Body Mass Index (BMI) is a primary tool used both by physicians to track healthy body weight, and by individuals tracking their fitness progress.
It differs from body fat percentage in that it takes overall body size into account, not just fat. Even so, it’s considered an accurate estimation of healthy weight and predictor of obesity-related diseases by the National Heart, Lung and Blood Institute and the Centers for Disease Control among other health authorities.[1,2]
The Basics Of BMI
The big appeal of BMI is that it’s about as simple and inexpensive as a health monitoring method can get, yet it’s been shown to be fairly accurate in predicting the development of metabolic risk factors like high blood pressure, elevated fasting glucose and unbalanced cholesterol levels.
All you need to do to measure it is get an accurate reading of your current height and weight. So it’s virtually cost-free for a physician and it’s relatively inexpensive and easy for someone to monitor on their own.
First you take your weight (in pounds), then multiply it by 703. You then multiply your total height in inches by itself, and divide the first total by the second. For metric system users, there’s less multiplication — just divide your weight in kilograms by your height in meters times itself.
The target range for a healthy weight is 18.5 to 24.9. 25 to 29.9 is seen as “overweight”, and 30 and up is where the at-risk “obese” classifications start. “Morbid obesity”, where serious obesity-related health problems are expected to occur, starts at a BMI of 40.
But How Accurate Can Something That Simple Be?
Although BMI is considered accurate enough to be a medical standard, it does have a fair amount of false positives.
One problem you might think of right away is bodybuilders. Big weightlifters who have tons of lean mass seem like an obvious target for misclassification under this system. However, you might be surprised to learn that they actually rarely get misclassified as obese, at least according to medical studies. For example, two fairly recent studies that used a population of mostly fit career firefighters found only about 5% of muscular firefighters misclassified in this way in the first study and about 9% in the second.[4,5]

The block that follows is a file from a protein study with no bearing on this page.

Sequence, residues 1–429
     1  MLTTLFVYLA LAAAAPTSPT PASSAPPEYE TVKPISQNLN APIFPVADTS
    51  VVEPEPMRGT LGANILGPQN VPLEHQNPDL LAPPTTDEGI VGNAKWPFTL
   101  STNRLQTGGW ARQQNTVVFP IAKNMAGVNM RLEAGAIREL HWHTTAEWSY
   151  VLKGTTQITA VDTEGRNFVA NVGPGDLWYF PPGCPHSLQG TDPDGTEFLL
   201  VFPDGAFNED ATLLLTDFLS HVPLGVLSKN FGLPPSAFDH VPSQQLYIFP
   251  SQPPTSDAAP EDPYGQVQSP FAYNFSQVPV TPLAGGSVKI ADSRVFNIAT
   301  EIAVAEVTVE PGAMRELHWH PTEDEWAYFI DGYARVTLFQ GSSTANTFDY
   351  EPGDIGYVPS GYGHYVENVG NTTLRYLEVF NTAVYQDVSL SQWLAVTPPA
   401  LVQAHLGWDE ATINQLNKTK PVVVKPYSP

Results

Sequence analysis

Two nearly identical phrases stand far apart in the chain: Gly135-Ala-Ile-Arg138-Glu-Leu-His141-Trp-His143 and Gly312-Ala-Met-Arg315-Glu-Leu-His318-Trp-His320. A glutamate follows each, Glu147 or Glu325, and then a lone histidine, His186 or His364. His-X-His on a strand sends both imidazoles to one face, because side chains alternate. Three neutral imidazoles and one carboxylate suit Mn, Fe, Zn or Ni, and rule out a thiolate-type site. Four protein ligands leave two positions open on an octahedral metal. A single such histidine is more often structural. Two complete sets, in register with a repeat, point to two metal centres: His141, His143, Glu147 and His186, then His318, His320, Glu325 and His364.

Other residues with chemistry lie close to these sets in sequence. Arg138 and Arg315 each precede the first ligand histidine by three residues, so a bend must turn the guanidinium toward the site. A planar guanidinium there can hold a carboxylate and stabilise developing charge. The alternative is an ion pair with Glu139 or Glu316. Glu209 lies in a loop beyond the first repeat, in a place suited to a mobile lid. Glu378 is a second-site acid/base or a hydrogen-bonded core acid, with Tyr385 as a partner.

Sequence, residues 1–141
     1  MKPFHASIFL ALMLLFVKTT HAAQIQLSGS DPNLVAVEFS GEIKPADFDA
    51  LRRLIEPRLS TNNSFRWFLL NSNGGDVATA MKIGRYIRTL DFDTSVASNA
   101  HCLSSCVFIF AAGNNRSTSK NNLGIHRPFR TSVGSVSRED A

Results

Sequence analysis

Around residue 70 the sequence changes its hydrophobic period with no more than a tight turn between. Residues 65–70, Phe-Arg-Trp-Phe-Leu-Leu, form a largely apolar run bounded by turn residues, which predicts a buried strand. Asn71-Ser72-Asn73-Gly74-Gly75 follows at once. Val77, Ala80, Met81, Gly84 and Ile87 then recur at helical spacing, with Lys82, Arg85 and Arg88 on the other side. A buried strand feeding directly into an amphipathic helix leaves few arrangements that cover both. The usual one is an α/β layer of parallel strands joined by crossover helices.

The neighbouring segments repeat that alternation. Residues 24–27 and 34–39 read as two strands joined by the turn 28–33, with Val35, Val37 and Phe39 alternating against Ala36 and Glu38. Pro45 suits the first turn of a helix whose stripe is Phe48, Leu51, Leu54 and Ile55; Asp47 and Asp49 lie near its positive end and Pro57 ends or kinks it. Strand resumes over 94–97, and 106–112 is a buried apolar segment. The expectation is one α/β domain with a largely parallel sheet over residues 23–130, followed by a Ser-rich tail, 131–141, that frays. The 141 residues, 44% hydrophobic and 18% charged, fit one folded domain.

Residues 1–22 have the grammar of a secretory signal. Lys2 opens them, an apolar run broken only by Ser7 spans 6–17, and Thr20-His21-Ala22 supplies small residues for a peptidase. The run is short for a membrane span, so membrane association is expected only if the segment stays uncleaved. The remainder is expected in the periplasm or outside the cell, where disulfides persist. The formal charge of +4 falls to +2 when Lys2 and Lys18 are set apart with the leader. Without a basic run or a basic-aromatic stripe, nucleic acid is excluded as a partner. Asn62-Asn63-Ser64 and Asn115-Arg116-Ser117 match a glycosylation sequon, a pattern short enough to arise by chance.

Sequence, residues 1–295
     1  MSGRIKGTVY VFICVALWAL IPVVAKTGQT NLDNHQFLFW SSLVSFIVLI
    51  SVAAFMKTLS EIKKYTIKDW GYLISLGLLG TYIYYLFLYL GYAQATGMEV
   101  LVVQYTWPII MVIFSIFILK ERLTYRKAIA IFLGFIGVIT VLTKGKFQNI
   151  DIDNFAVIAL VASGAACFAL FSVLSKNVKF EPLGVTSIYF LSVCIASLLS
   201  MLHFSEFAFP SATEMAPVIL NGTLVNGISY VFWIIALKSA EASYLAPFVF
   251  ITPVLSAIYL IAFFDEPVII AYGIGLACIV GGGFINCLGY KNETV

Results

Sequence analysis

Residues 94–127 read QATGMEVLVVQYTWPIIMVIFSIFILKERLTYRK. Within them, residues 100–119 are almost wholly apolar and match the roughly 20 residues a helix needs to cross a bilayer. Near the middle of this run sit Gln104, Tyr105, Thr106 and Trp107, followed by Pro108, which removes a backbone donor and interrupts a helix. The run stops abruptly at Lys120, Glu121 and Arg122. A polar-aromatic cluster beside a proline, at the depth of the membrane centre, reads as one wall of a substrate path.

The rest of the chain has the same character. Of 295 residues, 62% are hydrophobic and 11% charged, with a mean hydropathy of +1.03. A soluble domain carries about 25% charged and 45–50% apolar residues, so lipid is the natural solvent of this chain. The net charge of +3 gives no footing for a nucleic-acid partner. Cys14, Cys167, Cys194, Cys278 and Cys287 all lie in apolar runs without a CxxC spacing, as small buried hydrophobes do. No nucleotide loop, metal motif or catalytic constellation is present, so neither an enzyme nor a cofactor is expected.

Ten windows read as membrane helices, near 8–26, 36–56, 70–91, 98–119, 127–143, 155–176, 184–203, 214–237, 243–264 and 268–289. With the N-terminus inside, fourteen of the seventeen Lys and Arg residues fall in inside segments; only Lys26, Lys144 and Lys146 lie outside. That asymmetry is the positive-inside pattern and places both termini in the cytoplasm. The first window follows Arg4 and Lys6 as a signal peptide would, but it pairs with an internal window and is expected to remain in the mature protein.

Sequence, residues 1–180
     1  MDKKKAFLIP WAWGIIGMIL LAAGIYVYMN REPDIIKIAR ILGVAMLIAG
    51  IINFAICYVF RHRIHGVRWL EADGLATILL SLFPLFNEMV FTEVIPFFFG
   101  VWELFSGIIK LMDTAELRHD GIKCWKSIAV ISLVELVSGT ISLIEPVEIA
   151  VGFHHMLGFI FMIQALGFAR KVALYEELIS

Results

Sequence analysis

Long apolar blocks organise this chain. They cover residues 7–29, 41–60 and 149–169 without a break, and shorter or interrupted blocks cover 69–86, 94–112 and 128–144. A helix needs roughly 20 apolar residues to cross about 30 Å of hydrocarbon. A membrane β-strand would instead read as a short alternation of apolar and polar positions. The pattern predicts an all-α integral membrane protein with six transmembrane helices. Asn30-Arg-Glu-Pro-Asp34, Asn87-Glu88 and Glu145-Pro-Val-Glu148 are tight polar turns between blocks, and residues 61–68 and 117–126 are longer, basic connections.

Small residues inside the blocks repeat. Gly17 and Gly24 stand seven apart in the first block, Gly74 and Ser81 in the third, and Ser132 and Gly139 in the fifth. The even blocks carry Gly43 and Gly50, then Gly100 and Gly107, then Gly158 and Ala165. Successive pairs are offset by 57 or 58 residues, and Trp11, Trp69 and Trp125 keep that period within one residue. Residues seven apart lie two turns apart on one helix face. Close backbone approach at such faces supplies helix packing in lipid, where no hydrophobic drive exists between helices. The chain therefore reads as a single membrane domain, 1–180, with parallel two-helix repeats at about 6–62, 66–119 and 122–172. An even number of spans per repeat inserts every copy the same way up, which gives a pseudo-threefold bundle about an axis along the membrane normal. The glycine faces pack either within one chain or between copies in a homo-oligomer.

The misclassification problems are instead centered on people who are actually obese not being categorized properly. Studies frequently have a significant number of these misclassifications, approaching almost half of the participants in some studies!
Mistaken self-reporting of weight and height is one cause of these misclassifications. But they remain significant even when conducted by a medical professional. The main reason is that people who are technically obese also often have very low levels of lean mass — muscle, water and glycogen — so their total body mass appears to be at a healthier level than it actually is.
What these studies show is that while BMI is useful, it does have its limitations. It’s excellent when paired with other common measurements of obesity, however, namely body fat percentage and waist circumference.
If you can’t visibly see any muscle tone — and be honest with yourself — then there’s room for improvement.
The one major thing to watch out for with it is overconfidence in your fitness and health if you’re on the borderline of at-risk obesity levels. If it’s the only method that you’re using to track your weight and you’re not doing resistance training to build muscle, you could be getting a very inaccurate picture of where your body composition is at.
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